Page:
Large patches of quilt laid across the floor and draped around the Student Union Multipurpose Room (MPR) captured favorite moments, hobbies, inside jokes and poems from people who lost their lives to AIDS.
The patches showcased parts of a larger project containing similar moments — 51.5 miles, 1,278, 675 sq. feet and 54 tons of them.
The AIDS memorial quilt is the largest community art project in the world and New Paltz students and residents were able to see a fraction of the quilt on Nov. 27 and 28.
The project began in 1987, when a group of friends from San Francisco decided to pay tribute to their loved ones who died from the disease. The full quilt was displayed at the National Mall in Washington, D.C., during the National March on Washington for Lesbian and Gay Rights, according to aidsquilt.org.
Brendan O’Brien, event coordinator in the Office of Student Activities and Union Services said his office wanted to host a less traditional student affairs program.
“I think for my office, we always try to challenge ourselves in doing something that’s not a stereotypical student affairs type program like a generic hypnotist,” O’Brien said. “We realized that with World AIDS Day being Dec. 1, we thought that this would be a great opportunity to showcase something that, for me personally, is somewhat of a forgotten social issue.”
O’Brien said this program displayed a side of the disease that people don’t see outside of a health class — the human cost of HIV/AIDS.
Third-year anthropology major Brittani O’Hearn expressed the same sentiment.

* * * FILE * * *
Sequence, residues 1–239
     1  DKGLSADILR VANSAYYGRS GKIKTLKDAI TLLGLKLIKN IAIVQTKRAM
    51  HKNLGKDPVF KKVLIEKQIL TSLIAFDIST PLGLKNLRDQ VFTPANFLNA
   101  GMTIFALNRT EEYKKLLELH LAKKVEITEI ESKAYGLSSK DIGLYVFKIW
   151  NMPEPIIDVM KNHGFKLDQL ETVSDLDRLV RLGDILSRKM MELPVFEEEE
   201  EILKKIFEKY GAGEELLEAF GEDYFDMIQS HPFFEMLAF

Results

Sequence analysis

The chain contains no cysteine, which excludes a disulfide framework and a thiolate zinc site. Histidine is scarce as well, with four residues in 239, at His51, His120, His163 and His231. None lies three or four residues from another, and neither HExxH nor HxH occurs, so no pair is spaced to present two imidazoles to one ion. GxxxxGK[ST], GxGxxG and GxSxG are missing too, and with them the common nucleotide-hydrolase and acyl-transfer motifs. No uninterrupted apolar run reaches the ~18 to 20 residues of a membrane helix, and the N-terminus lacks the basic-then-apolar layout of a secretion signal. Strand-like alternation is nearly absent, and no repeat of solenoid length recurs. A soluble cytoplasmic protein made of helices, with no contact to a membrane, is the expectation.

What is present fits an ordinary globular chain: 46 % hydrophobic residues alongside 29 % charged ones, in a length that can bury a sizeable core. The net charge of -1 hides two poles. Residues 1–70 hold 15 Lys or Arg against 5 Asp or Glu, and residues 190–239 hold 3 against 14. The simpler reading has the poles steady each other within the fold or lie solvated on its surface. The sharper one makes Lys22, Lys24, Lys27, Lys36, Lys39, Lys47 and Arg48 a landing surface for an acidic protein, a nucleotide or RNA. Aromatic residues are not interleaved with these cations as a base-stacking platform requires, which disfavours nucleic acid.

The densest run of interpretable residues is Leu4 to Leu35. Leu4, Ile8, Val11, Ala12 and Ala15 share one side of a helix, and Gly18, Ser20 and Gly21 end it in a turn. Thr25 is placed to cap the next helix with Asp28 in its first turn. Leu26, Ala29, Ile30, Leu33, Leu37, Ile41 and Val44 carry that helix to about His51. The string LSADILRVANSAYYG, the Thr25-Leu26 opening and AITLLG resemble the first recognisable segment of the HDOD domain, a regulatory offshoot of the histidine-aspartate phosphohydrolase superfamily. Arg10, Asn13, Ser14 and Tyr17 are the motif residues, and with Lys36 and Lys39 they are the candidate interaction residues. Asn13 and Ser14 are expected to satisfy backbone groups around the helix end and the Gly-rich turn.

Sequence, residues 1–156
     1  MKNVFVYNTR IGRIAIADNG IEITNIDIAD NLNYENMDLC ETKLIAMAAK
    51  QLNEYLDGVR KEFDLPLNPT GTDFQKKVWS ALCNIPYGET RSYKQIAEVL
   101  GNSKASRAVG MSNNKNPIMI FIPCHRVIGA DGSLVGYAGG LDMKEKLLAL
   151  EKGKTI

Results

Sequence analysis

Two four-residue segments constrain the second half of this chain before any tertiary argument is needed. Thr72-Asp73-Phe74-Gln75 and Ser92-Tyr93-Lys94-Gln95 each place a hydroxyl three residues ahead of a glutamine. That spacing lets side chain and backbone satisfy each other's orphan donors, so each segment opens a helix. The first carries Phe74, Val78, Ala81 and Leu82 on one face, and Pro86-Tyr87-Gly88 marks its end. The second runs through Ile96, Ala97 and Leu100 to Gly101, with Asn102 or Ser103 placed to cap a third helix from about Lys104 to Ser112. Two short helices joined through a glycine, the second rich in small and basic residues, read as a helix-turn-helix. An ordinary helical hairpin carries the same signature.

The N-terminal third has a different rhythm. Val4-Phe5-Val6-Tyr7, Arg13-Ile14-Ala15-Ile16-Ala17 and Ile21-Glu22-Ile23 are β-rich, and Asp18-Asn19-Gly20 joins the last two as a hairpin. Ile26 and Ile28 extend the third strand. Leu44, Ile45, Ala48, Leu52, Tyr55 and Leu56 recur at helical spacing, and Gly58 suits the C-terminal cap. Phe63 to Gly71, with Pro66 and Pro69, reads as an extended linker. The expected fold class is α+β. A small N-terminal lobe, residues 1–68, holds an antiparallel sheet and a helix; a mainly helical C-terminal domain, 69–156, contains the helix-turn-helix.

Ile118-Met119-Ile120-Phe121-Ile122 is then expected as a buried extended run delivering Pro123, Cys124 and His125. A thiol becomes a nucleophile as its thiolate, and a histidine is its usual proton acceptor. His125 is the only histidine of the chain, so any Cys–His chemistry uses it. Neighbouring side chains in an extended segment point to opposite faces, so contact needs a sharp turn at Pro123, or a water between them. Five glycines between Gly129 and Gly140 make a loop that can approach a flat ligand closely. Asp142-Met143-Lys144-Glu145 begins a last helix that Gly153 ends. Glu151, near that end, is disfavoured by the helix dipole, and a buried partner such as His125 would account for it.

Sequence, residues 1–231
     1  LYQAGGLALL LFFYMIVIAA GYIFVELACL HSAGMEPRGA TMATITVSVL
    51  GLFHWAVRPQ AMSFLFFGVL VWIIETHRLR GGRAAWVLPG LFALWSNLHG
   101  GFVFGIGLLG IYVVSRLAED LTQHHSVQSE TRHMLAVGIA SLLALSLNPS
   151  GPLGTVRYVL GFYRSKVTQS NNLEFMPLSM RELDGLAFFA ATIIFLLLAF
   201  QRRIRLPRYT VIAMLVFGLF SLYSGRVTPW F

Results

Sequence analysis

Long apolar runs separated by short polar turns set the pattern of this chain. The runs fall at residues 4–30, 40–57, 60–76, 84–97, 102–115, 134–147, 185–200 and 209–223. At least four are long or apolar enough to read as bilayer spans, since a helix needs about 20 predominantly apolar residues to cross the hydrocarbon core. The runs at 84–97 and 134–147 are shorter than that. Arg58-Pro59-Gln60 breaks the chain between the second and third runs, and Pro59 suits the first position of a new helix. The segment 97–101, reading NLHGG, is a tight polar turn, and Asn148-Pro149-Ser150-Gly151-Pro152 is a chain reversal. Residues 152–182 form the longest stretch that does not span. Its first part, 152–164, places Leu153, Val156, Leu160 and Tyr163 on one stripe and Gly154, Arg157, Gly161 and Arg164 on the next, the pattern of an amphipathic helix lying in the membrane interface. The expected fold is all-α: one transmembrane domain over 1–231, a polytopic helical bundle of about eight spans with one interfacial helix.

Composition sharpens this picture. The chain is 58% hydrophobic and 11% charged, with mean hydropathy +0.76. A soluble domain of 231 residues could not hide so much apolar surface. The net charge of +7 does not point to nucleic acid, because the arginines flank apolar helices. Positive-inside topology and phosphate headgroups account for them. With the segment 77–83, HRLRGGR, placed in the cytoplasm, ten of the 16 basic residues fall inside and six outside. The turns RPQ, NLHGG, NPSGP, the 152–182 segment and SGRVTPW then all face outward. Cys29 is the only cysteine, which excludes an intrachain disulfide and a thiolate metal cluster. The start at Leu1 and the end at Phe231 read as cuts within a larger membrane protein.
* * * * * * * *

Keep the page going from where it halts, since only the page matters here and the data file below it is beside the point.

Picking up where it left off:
“It’s an incredibly powerful visual and a reminder that the individuals and their families affected by this disease are more than a statistic,” O’Hearn said. “It’s important for their stories to be told.”
People affected by the disease and honored in the patches were from all walks of life. One was 40 when the disease killed him, another was 4.
Brent Mann’s quilt featured a beach scene at sunset and a chest filled with pictures of family, while David Kauser’s quilt was elaborately knit, portraying him and his partner under a Christmas tree holding their dogs.
Gary Levinson, an alumnus working with the Emerging Leaders Program to teach an HIV 101 class, was diagnosed with AIDS in 1992. He said he first saw the AIDS quilt in the early 1990s at SUNY Purchase and said that his personal experience with the disease made him fearful when he first looked at them.
“When I first viewed the quilts there was an incredible sadness as well as fear in me,” Levinson said. “…I spent a long time comparing my age to the ages of the people represented by the quilts. I was about the age of a lot of them. I was wondering what my quilt would look like and what it would say about me.”
Levinson said the quilts inspire a different emotion in him today.
“I look at them today and see how far not only I have come, but also how far our treating of the disease has come,” Levinson said. “So, I look at the quilts today with some hope: hope that treatments will continue to progress and how far I personally have come.”
O’Brien said it has been 20 to 30 years since this program was hosted at SUNY New Paltz and he and his staff felt it was time to bring it back.
He also said the next time the program is hosted his staff will look into requesting quilts that belong to loved ones students may know personally.
Although O’Brien wasn’t certain about the turnout for the program — he guessed 50 to 60 people showed up — the number wasn’t so important to him.
“If even those 50 students walked away [and] told their friends what they saw and they changed their perspective or felt something, then that’s success, that’s a victory in my mind,” O’Brien said.